5 Easy Ways to Read Their Poker Hand (Works Every Time!)

5 Ways to Read Their Poker Hand (Works Every Time)
This article was written by blackrain79.com contributor Fran Ferlan.

Reading your opponent’s hand is more art than science. When playing poker, it’s nearly impossible to zero in on your opponent’s exact hole cards.

However, there are techniques you can use to narrow down your opponent’s range to make better decisions on the felt.

You don’t have to be a poker savant or have psychic abilities to read your opponent’s hand.

It’s just a matter of using basic deduction and paying attention.

With that said, here are 5 ways you can use to read your opponent’s hand (almost) every time.

1. Knowing Your Opponent is Winning Half the Battle

In order to read your opponent’s hand, you need to at least have a vague idea about their playing tendencies. 

While no two players play the same, there are some commonalities between players based on the way they usually play. 

The more you know about your opponent’s playing tendencies, the easier it will be to hand read against them. 

Some reads can be very specific, but before getting into the specific reads that are largely situationally dependent, it’s useful to categorize your opponents into basic player types.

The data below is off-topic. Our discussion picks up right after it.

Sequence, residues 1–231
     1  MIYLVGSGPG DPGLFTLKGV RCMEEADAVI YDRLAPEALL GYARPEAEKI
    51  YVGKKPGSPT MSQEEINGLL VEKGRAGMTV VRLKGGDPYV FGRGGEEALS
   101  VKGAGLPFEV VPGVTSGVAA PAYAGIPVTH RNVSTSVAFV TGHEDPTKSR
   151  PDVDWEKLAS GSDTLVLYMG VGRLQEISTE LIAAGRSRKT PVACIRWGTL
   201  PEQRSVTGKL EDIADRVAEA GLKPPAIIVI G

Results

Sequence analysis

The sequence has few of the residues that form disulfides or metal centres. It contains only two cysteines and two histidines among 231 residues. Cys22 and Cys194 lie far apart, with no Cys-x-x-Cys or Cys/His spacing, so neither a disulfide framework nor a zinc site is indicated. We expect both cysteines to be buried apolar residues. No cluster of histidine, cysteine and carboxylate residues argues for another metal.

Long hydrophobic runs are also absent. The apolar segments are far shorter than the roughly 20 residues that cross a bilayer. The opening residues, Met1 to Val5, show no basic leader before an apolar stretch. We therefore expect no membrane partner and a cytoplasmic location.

These player types depend on the number of hands your opponent chooses to play (i.e. are they tight or loose) and the way they play these hands (i.e. passively or aggressively). 

Based on the combination of those two variables, you can put your opponents into four basic categories.

This will make hand reading against them far easier and more accurate.

Let’s make a quick rundown of basic player types and how to hand read against them.

Hand Reading vs Poker Player Type #1: Loose and Passive

This type of player is by far the weakest, and they are more than likely to be a recreational poker player. 

In fact, you will often find them in home games. I wrote an entire article recently about how to beat your friends in home games.

Anyways, they usually have a very poor grasp of the game, which is why you’ll often see them playing an insanely high number of hands. 

They will also play these hands passively (i.e. check and call a lot as opposed to betting and raising).

Narrowing down the range of these players is almost impossible. 

Since they play such a wide range preflop, it’s really hard to narrow down their range to only a few combinations. 

The fact that they have such a poor grasp of the game makes it theoretically possible for them to have virtually any card combination imaginable.

This means it can be frustrating to play against them when they smash the flop in a very unlikely way.

To smash the flop means to connect with it making a very strong hand combination, like two pair or better.

Hand Reading Example #1

Effective stack size: 40 BB